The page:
Future episodes include Vladimir Ashkenazy, Matthias Pintscher, Marc-André Hamelin, Jen-Yves Thibaudet, Nadine Sierra, Mirga Gražinytė-Tyla, Eric Owens, Robin Ticciatti, and many more exciting guests -- stay tuned!
“Entering a competition is like going to a 7-11 and buying a lottery ticket.”
Distinguished pianist Emanuel Ax won the first Arthur Rubinstein International Piano Competition, the Avery Fisher Prize, and several Grammy awards, and has been a Sony Classical exclusive recording artist since 1987. He has had works written for him by John Adams, Christopher Rouse, Krzysztof Penderecki, Bright Sheng, and Melinda Wagner, and as teacher, performer, and recording artist receives uniform praise throughout the world. During a visit to Zsolt's Cleveland home, the irresistibly charming maestro chats about competitions, practicing, and finding a zone for balanced living. (Episode 56)
“I attracted what I was looking for. I exuded what I wanted to happen.”
Zuill Bailey is a soloist, chamber musician, recording artist, professor, artistic director, and sometime actor (as seen on the HBO series Oz and NBC's Homicide). He talks with us about taking up the cello as a child; a transcendent and life-changing moment on stage; making a living as a musician; finding an instrument and artistic voice; and what he's learned from the recording process. (Episode 22)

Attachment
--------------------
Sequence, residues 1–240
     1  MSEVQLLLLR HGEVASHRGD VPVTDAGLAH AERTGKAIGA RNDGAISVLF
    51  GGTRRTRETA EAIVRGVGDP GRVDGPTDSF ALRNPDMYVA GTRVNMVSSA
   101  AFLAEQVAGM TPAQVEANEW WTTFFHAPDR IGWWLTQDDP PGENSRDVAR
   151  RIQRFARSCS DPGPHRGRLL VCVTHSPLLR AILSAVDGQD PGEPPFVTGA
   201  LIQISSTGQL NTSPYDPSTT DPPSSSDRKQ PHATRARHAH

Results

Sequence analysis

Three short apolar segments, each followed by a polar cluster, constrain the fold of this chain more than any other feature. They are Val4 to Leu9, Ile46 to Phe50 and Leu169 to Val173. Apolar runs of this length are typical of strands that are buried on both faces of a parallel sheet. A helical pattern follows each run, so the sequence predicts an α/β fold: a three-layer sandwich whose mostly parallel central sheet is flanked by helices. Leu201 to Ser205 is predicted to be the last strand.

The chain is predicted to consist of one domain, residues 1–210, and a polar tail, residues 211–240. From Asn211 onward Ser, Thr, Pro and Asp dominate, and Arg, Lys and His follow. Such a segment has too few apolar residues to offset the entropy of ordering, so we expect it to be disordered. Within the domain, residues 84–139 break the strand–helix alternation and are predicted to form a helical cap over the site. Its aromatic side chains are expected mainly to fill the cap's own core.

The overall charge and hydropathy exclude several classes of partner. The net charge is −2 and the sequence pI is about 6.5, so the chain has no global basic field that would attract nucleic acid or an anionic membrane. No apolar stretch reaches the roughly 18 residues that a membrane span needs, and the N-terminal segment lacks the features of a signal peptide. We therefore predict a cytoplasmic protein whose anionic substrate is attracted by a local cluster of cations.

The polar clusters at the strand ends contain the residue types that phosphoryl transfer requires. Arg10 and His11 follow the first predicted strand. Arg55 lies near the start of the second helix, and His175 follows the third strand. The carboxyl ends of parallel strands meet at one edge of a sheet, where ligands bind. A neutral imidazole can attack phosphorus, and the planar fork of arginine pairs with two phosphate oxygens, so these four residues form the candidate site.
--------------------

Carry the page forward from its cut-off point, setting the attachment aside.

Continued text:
"Historically, violinists have been gamblers... My mother, my sisters, and I, we all have the gambling bug."
Joshua Bell is one of the most celebrated violinists of his era. His restless curiosity, passion, and multi-faceted musical interests have earned him the rare title of "classical music superstar." Recently named the Music Director of the Academy of St Martin-in-the-Fields, Bell is the first person to hold this post since Sir Neville Marriner formed the orchestra in 1958. (Episode 16)
A living legend, immortalized in Philip Roth's novel "The Human Stain": "He crushes it. He doesn't let that piano conceal a thing. Whatever's in there is going to come out, and come out with its hands in the air. And when it does, everything there out in the open, the last of the last pulsation, he himself gets up and goes, leaving behind him our redemption. With a jaunty wave, he is suddenly gone, and though he takes all his fire off with him like no less a force than Prometheus, our own lives now seem inextinguishable. Nobody is dying, nobody – not if Bronfman has anything to say about it." (Episode 40)
“My career was mostly motivated by fear.”
Susan Graham joins us for a candid look at her life and storied career, and shares her insights into the world of the singer. She describes her "Leave it to Beaver" upbringing in Texas and how she made the shift from Broadway tunes to the world of opera. With humorous anecdotes, she gives insights into her relationship with her audiences, the music she sings, and how she could have never foreseen the success she later found. (Episode 46)
“You really cannot make any progress if you’re not okay with yourself. You can’t make progress until you let yourself sound like you.”
Grammy-winning singer Nathan Gunn has made a reputation around the world as one of the most exciting and in-demand baritones of the day and has appeared with the world's major opera houses and orchestras. He opens up about the world and magic of stage, the psychology and survival of the performer, the musician's breaking free financially, and breaking down barriers in every sense. (Episode 20)